Notes from the Garden: Thinking Ahead—Fall Care for Spring Flowers

Spring-blooming bulbs, planted in a perennial bed, will flower and mature before most other perennials push up through the soil. Large-sized Daffodils look best in the corners of garden beds. Some of the smaller varieties in the eight inch range, such as “Jet Fire” and “Foundling,” can serve to link the front and back of the garden bed. Medium-sized Tulips are perfect for formal beds calling for perfect symmetry. Choosing a few varieties like “Orange Wonder” or “Yellow Present” and planting them in mass creates an elegant sweep of bloom. They can be used informally for cheerful splashes of color by planting bulbs in groups of a dozen or so, along a perennial border. Tulips have the same upright growth as Hyacinths, while early-season varieties bloom at the same time with compatible colors. Try pairing “Lemon Yellow” Tulips with some unique, “Rich Salmon,” “Gypsy Queen” or “Red Rocket” Hyacinths.

The Hyacinth offers pure shades of pink, violet, red, cream, salmon, and even sky blue. For the most fragrant Hyacinth, try the deep rosy “Pink Pearl” or the majestic “Delft Blue.” Their stiff, upright growth makes the Hyacinth perfect for mass planting in curving sweeps of color. A cluster of Hyacinths in your choice of palette, can add a formal accent in front of a Boxwood hedge or other neatly clipped evergreen hedge. They are also great for herbal or small terrace gardens.

“Dwarf” Irises produce several blooms on short stems in very early spring. Although available in yellow and white blooms, Dwarf Bulb Irises are prized for their lovely shades of blue. Indigo-blue “Harmony” has gold markings and a wonderful violet-like accent. For yellow flowers, choose Iris or Daffodils with dark marks and an intense scent. Consider them in clusters by the border edge.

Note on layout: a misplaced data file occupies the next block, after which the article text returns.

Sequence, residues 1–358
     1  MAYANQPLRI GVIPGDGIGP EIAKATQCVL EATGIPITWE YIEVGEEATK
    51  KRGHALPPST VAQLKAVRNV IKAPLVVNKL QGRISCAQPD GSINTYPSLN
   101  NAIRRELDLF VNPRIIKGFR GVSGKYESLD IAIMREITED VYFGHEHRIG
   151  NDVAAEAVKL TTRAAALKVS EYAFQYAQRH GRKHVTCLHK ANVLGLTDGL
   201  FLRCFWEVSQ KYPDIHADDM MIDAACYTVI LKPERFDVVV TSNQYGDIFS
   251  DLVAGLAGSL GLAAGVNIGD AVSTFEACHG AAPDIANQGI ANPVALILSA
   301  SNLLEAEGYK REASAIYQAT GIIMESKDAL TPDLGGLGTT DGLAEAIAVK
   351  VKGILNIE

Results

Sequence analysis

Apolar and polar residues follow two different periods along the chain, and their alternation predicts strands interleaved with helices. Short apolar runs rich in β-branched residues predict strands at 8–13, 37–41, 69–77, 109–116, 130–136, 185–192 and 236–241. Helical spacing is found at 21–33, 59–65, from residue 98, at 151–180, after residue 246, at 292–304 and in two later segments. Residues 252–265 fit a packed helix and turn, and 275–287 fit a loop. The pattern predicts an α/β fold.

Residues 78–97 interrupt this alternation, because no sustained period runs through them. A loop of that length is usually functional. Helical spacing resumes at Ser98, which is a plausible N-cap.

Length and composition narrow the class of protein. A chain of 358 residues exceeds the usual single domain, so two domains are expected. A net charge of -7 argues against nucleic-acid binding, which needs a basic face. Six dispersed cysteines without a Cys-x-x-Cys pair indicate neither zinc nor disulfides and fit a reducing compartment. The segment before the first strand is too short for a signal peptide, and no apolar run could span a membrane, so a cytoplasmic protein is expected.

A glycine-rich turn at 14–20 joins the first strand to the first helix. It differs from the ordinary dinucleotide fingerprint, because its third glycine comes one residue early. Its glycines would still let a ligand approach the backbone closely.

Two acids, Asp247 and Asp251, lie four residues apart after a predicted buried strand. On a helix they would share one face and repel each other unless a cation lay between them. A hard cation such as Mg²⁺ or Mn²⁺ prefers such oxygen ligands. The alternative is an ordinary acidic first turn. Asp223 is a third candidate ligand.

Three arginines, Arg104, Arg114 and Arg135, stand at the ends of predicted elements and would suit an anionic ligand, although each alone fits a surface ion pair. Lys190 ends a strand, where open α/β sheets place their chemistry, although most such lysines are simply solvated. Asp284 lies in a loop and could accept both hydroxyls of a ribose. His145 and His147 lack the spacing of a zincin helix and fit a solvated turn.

Ornamental onions vary considerably in color, size, and form. They make rewarding additions to beds and borders. Allium giganteum is a very popular ornamental onion, as well as other shorter varieties can be a beautiful punctuation to the garden. The lavender colored, round “puff-ball” shaped heads of flowers make great accents to all different kinds of gardens. They don’t need to be planted in mass, but enough quantity so as to make a color and shape statement. Common chives and edible flowers are great for herbal gardens, as is Allium with late Tulips, like the long-stemmed yellow “Darwin” variety. I always like to add ornamental Lilies to a perennial garden. They can also be called Oriental or Asiatic Lilies. Lily bulbs can be planted in spring or fall but I prefer to do it in the fall, with the other spring bulbs, even though they bloom in the summer. Ornamental lilies are exotic-looking flowers. Plant them behind other plants that will conceal dying foliage in the summertime. They are great flowers for early July color, even in a partial-shade garden. My favorite varieties of Lily include; the red “Scarlet Emperor,” which can be combined with grey foliage perennials. The yellow “Haydee,” which is great for partial shade gardens and can be planted with ferns and hostas. The white “Casablanca Lily” with its beautiful scent, can grow up to six feet tall and makes the perfect accent to any garden, as well as a great cutting flower.

When planting larger bulbs, such as Lilies, Tulips, or Hyacinths, you should plan to include some small ones at the same time. Remember, some of the more aggressive perennials like Lysmachia or Physotegia, do not make good companions for bulbs. Tap-rooted plants such as Poppies or Peonies make good bulb neighbors since their roots go straight down and rarely forage in the top few inches of surrounding soil. Perennials with shallow roots, such as Creeping Phlox or Creeping Sedum, make the ideal companion for any bulbs, especially the smaller ones as sprouting bulbs can easily penetrate their roots. The advantage of planting bulbs along with other plants is that bulbs show more beautifully against a foliage backdrop rather than bare soil since there is no gaping hole when the bulbs go dormant.

Any garden can hold many more bulbs than most people would think possible, even gardens constantly visited by deer can be beautified with a large variety of Daffodil, Narcisus, and Allium bulbs. I continuously find myself discovering and creating more room for bulbs. Whatever the size of your garden, whether you have the space to naturalize with large bulbs or are limited to a miniature meadow of spring bulbs by a stone wall, you should find a way to use flowering bulbs. A modest number of artfully placed bulbs can make a strong statement and clear contribution to your landscape.

—Landscape Designer, Writer, and Lecturer Frederico Azevedo of Unlimited Earth Care.

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